I am a man who has discriminating tastes. I don’t usually eat foods that are offered to me unless they are familiar to me. I am not an adventurous eater. I don’t care to eat what others are eating, even if it looks tasty. When I attend parties, I eat little – just enough to fill my tummy.
What my late mother always prepared for us, we never rejected it. We ate to our heart’s desire. In short, my mother was a good cook in her simple and humble way. Since I was the youngest of her six children, I always longed to go home early when I was away. I wanted to eat what she had prepared or cooked for the day. My mother was a vegan. Every week, she cooked us veggies with the best ingredients she had.
Though she wanted us to eat fresh leafy vegetables, my mother taught us not to stuff ourselves with food during the nighttime. It was not good for the tummy to eat at night, for we may suffer from indigestion. I didn’t know then if she was right, for I never disobeyed her. Today we eat veggies at any time of the day, even nighttime, and nothing happens to our tummies.
At any rate, we have to go to the restroom as soon as we get up the following morning. We are likely to move our bowels. Once we are through, we feel refreshed and nothing bothers our stomach. We know that veggies are regulating our normal bowel movement.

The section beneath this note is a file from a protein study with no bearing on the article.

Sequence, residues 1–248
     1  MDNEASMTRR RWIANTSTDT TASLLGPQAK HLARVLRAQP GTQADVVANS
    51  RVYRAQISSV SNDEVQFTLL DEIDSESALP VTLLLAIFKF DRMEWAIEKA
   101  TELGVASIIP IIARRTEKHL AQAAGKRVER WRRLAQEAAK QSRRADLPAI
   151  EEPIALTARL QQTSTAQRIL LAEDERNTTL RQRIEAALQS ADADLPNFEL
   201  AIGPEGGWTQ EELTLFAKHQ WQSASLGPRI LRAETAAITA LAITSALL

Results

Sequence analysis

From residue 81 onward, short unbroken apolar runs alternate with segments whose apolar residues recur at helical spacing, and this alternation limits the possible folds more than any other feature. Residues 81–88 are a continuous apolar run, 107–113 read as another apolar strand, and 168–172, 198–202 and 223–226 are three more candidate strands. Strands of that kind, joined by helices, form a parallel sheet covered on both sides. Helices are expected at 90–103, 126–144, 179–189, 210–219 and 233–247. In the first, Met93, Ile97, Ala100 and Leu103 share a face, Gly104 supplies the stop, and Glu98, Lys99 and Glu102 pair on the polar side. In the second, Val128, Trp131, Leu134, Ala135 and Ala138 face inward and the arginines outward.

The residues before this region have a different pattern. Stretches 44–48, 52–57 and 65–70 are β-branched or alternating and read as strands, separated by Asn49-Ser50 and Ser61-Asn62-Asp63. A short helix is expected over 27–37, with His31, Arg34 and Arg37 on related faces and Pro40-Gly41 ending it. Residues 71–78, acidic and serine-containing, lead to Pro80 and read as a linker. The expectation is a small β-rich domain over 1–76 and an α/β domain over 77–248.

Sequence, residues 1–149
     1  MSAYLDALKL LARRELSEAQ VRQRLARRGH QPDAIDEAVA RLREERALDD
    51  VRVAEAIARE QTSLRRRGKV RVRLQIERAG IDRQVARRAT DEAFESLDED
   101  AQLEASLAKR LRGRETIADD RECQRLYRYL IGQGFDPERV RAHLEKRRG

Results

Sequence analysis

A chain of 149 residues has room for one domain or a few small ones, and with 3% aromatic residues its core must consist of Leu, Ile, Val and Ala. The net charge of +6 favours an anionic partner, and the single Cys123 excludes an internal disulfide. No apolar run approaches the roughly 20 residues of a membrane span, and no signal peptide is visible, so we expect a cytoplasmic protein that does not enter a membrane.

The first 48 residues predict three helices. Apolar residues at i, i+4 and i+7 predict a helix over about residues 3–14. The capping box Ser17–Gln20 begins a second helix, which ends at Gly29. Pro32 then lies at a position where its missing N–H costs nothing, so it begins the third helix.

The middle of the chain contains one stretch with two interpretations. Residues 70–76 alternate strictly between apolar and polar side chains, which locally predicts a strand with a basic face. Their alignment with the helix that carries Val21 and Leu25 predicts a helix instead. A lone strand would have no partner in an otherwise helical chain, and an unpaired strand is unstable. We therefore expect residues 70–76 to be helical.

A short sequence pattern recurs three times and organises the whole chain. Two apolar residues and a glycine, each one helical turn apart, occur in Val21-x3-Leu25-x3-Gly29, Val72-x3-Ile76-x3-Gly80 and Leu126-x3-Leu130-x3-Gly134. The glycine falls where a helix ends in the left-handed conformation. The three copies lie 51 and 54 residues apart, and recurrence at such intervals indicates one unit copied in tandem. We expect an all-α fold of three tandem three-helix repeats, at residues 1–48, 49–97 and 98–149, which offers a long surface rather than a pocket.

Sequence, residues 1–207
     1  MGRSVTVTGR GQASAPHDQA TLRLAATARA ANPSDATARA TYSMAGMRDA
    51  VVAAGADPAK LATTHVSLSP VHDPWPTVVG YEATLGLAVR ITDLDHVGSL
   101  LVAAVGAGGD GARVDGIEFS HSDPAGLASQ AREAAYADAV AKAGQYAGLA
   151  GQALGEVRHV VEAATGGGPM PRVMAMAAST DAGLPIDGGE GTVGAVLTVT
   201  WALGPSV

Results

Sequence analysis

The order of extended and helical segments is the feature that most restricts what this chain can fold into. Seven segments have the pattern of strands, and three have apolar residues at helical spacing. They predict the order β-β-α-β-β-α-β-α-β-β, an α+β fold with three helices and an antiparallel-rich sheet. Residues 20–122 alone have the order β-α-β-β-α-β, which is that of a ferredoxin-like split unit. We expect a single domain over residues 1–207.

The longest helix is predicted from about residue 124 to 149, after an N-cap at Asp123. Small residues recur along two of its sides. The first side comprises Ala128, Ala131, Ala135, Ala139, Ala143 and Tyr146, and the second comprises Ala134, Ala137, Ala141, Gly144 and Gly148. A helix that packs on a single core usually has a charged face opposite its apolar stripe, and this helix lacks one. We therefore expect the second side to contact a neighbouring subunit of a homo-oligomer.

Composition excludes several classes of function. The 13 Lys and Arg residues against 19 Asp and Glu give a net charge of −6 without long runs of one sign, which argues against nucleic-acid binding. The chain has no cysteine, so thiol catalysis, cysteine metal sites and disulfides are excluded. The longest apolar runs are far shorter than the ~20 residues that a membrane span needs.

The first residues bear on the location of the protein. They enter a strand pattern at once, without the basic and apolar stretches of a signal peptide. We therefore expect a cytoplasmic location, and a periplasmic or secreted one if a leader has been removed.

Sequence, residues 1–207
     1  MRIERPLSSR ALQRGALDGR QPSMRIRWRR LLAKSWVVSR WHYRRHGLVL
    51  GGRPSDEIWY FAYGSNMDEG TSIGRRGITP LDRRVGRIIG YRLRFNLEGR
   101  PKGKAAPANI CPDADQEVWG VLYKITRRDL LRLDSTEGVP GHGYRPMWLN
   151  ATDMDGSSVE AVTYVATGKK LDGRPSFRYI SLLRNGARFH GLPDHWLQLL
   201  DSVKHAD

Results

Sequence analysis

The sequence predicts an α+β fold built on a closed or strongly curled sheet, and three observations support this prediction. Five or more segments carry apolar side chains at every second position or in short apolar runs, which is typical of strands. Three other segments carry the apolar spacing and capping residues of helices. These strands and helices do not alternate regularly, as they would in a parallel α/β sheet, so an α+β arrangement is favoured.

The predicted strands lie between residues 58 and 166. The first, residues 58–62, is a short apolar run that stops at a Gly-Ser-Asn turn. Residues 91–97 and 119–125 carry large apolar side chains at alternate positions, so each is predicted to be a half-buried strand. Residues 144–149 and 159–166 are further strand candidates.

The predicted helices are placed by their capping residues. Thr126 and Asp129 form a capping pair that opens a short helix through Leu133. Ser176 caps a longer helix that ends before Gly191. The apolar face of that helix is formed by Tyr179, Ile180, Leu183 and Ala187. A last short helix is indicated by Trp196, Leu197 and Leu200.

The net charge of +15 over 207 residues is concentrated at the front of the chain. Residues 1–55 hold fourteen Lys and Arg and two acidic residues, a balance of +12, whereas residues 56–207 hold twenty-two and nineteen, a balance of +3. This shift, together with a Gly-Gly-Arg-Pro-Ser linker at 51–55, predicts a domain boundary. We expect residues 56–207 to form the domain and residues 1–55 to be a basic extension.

Now that my mother is gone, I have the best person to replace her in her daily kitchen chores. I am referring to my wife, Rebing (this is a fond name for Rebecca). You know when we were young friends, the first time I visited her at her house you couldn’t find anywhere. Not in the visitor receiving room, nor in the orchard. She was there in the kitchen, cooking her best recipes.
“She’s a good cook,” I presumed. No one would be doing any cooking in the kitchen if he or she doesn’t know about cooking. Since she was busy, I had to wait for her in their visiting room. I waited for two hours, but she still hadn’t come out of the kitchen to greet me. I obliged myself to go to the kitchen since her mother told me to go there.
She was surprised to find me standing at her back, observing her what she was doing. She took a scoop of one of her finished recipes and let me taste it. I did. “It’s delicious!” I told her and she rewarded me with a smile. I smiled back.
“Wouldn’t you join us in our lunch by and by?” she begged me. “Yes, of course, I will.” At lunchtime, I joined with them. I ate the three kinds of viands she had cooked. I had never tasted them before at any of the occasions or parties I had attended. This was very unusual for me!
I enjoyed Rebecca’s cooking very much. “It’s perfect!”
And she would be the perfect wife for me. I have never regretted that I married her.
image by Katjasv/Pixabay/CCO, Public Domain